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First of all, allow me to get off my “high horse” for a minute.  By now you are contemplating what an arrogant asshole I am.  “The whole world is stupid, but he thinks that he is the only intelligent one in the world.”  No, unfortunately, the world cannot be easily divided into stupid people and smart people.  All of us are stupid at one time or another.  I have my stupid moments and you will or have had your stupid moments.  What are some of the things that make us stupid?  My brief research shows an astounding number of things that make us stupid.  Here are some of the more common factors influencing stupidity:

  • Greed
  • Jealousy
  • Envy
  • Ego
  • Arrogance
  • Short-term thinking
  • Power
  • Love
  • Religion

You are probably thinking “My god, is there anything that does not make us stupid?”  Even my brief list is enough to indict most of the human race at one time or another.  Take the issue of love.  Have you ever made a fool of yourself over an infatuation with someone else?  Or take religion.  How many religious zealots do you know who become so self-righteous that they cannot see the value in other religions or people who do not subscribe to their religious views?  Take any item from my list above and I am sure that you can find any number of examples to illustrate the ongoing stupidity of the human race.

Greed is a particularly interesting factor.  I once heard a quote that said, “Greed is not the worst of all sins, but it is the gateway to all others.”  Just recently we had a Lt. Governor who intoned that “older people should be willing to die for the good of the economy.”  Few older people I know have volunteered to take him up on the offer.

When we are children, we are all taught the story of the little boy and the cookie jar.  This is a great example of the stupidity that greed often leads to.

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Once upon a time there was a little boy who lived with his mom.  He was an only child and was quite spoiled.  His mother gave him everything he wanted.  One day upon his request, she made a batch of cookies.  When they had cooled, she put them in a cookie jar.  Most cookie jars are narrow at the top and wide at the bottom.  She told him that he could have one cookie each day.  As soon as she left the kitchen, he reached into the cookie jar and grabbed the biggest handful of cookies he could hold.  He then tried to get his hand out, but it would not come out.  He pulled and he yanked but he could not get his hand out.  He finally became frustrated with his efforts and screamed for his mom.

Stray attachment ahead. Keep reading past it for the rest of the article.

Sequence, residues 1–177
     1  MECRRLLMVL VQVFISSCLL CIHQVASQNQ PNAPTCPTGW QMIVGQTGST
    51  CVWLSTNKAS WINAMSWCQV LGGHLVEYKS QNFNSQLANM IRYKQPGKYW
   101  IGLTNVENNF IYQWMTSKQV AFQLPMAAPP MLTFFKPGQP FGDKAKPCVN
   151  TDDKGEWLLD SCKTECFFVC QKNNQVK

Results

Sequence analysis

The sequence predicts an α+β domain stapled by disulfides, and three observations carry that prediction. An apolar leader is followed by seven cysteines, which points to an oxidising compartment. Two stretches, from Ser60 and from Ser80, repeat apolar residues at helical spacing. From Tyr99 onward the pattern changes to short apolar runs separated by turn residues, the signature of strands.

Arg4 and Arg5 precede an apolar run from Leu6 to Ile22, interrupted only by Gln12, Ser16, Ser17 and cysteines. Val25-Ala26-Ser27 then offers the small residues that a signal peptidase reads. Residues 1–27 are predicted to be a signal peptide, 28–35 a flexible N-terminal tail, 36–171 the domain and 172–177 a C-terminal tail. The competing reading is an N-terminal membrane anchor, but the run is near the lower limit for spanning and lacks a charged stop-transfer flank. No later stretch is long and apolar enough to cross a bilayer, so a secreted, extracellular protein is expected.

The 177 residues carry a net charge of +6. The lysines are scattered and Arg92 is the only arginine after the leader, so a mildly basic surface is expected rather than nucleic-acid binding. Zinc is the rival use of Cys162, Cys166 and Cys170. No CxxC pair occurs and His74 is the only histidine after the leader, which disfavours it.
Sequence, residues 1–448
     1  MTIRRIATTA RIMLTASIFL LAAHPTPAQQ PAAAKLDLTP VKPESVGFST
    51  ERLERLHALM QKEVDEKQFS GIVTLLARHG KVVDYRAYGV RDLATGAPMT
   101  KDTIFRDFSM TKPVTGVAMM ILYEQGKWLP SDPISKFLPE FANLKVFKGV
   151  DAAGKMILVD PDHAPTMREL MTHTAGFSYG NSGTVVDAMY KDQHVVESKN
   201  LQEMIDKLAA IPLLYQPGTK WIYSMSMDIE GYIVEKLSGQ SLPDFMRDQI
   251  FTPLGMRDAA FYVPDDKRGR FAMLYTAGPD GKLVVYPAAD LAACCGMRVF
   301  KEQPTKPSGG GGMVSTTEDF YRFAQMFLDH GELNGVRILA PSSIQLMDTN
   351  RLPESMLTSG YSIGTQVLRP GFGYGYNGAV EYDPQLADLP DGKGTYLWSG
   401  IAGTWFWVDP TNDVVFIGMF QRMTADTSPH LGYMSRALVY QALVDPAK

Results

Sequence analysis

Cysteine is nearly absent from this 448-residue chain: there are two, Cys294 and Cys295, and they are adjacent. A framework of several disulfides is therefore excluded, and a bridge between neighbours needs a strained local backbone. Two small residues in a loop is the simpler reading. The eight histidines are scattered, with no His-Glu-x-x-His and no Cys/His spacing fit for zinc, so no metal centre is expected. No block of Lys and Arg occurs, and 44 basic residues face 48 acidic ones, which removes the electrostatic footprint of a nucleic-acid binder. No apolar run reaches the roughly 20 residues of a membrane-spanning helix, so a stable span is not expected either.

“Mom, please come quickly, I need your help.”  His mother came rushing back into the kitchen and looked at her son.  “What is your problem?”  “I can’t get my hand out of the jar.  It is stuck.”  “Well, let go of the cookies” she replied.  The little boy opened his fist and let the cookies fall out of his hand.  Immediately he was able to take his hand out of the jar.  The moral of the story is so obvious I will not insult your intelligence.  But think about all the people and companies and politicians who have their hands in the cookie jar and cannot get them out.  Stupidity is a derivative of greed in many cases.

So what can we do about stupidity?  Will my Stupidity 101 class cure the problem?  What would I teach in Stupidity 101?  Some people say that “you cannot cure stupidity.”  Is this true?  Are we doomed to stupidity as a race?  Can scientists help us?  Are they the people with the solution? Or do we look to philosophers to help us?

"I've been thinking harder than you have, and my thought experiment disproves your thought experiment."

Goethe’s Faust is a classic example of the folly of brains and intellect.

“The erudite Faust is highly successful yet dissatisfied with his life, which leads him to make a pact with the Devil at a crossroads, exchanging his soul for unlimited knowledge and worldly pleasures. The Faust legend has been the basis for many literary, artistic, cinematic, and musical works that have reinterpreted it through the ages. “Faust” and the adjective “Faustian” imply a situation in which an ambitious person surrenders moral integrity in order to achieve power and success for a limited term.” — Wikipedia